TEL AVIV, Israel — "Where are my parents? Where is my brother?"
Four-year-old Ahmad Dawabseh constantly asks his grandfather those questions — but his grandfather cannot answer.
That's because specialists at Sheba Medical Center advise the 51-year-old not to tell Ahmad that his father, mother and 18-month-old brother were killed by alleged Jewish extremists who firebombed their home five months ago.
"Ahmad is a very smart boy and the hardest moment for me is when he asks me about his parents. How can I answer him? Where do I start?" Hussein Dawabsheh told NBC News as tears filled his eyes.
The arson attack that killed Ahmad's parents and brother was one of the worst acts of what appeared to be Jewish extremism since the establishment of the State of Israel in 1947.
On January 3, police said they had charged Amiram Ben Uliel with the crime after he confessed to throwing a Molotov cocktail into the Dawabsheh home in the Israel-occupied West Bank village of Duma.
Hussein Dawabsheh vividly remembers the night it all happened.
He lives around a mile away from his late daughter's house in Duma. On July 31, his wife had gone to the roof to try and stay cool on the hot summer night when she saw smoke rising from the other end of their village.
"My wife screamed at me, saying 'Our daughter's home is on fire!'" he told NBC News. "I raced to their house but the only thing I could do was sit and cry while crews were working to stop the fire."
His grandson Ali died that night, while his daughter Reham and son-in-law Saad later succumbed to injuries sustained in the fire.
Little Ahmad suffered second and third-degree burns on much of his body.
"Ahmad came in with 70 percent burns and we saved his life," said Dr. Josef Haik, who heads-up Sheba Medical Center's Burn Unit.
Since that night Hussein Dawabsheh has dedicated his life to his grandson, leaving his family in the West Bank and job as a tiler to stay near his grandson's bedside day and night.
Ahmad's recovery has been grueling and painful. Scars cover his body, and he cannot walk more than a few steps by himself so has to be carried almost everywhere.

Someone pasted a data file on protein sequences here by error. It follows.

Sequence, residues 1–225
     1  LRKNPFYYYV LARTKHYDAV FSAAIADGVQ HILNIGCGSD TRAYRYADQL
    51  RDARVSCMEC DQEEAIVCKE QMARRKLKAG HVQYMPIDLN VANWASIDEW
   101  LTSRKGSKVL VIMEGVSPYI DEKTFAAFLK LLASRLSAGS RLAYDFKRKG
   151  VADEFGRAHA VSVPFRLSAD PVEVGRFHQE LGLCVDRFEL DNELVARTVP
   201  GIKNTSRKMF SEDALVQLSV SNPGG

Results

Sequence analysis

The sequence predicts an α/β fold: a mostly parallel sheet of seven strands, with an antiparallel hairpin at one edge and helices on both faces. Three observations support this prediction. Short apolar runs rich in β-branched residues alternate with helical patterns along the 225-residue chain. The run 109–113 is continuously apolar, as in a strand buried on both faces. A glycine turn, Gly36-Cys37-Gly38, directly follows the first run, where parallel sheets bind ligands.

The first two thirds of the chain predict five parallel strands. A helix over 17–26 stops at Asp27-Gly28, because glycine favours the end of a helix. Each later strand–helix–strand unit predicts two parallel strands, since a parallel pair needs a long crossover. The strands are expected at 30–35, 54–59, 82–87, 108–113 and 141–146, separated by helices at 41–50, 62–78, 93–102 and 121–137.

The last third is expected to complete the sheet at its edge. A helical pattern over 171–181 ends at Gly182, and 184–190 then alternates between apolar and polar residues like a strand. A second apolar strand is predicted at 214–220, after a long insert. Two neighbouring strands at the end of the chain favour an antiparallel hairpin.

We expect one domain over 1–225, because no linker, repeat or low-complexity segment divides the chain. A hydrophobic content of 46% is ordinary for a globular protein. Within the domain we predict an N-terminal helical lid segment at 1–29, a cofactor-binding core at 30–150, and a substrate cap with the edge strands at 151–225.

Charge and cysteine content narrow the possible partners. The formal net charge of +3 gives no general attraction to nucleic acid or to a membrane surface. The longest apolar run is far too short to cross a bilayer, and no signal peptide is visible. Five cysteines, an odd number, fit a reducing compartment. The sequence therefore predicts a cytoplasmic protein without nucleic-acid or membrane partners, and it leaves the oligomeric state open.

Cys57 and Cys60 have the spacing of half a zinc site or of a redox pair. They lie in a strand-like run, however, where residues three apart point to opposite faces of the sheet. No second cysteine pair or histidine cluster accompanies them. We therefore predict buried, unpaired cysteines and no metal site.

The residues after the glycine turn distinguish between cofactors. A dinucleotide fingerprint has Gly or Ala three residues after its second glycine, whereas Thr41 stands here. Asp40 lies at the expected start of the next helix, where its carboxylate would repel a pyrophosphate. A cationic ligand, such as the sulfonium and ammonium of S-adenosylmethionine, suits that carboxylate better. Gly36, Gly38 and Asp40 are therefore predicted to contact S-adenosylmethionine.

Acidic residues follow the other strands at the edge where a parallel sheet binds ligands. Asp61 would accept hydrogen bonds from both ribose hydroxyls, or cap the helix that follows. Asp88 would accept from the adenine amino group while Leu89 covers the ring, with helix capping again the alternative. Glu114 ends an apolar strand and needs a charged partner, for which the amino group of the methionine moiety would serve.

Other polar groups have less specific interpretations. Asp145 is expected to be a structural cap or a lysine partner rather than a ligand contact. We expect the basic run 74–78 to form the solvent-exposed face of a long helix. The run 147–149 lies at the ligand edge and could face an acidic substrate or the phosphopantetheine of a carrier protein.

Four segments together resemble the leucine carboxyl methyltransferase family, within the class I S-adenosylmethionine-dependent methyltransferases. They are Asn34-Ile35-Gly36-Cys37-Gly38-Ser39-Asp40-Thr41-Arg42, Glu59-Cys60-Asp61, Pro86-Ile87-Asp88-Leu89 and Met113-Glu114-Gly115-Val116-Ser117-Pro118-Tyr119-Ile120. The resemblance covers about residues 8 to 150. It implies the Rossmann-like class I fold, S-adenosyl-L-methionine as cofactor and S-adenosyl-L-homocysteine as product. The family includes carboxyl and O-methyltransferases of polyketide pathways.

Dawabsheh has followed the advice of hospital psychologists who recommended he delay telling the little boy about the tragedy, but is planning to tell Ahmed the truth this week.
For now, the hospital room is a largely happy place full of gifts from friends, family and even strangers. A picture of Ahmad's mother Reham and father Saad holding little Ali's hand is pinned above the heart monitor.
"Ahmad told me he wants to keep all the presents he received and bring them to his brother Ali so they can play together," Dawabsheh said. "I'm speechless — I just can't tell him Ali is gone."
He told NBC News he was not surprised police arrested the "terrorists" who devastated his family — but thinks it took the police way too long.
"I blame the Israeli government and the police who should have arrested them right away," he said.
When asked the future, Dawabsheh said he was proud people around the world had showered his grandson with love and support. Cristiano Ronaldo, the world-famous Real Madrid soccer star, has even invited Ahmad to Spain so he can meet the team.
"I feel Ahmad lost his family but now the world is his family," Dawabsheh said. "Ahmad really deserves this love and attention but the sad thing is that he has no idea about the heavy price he paid for this love."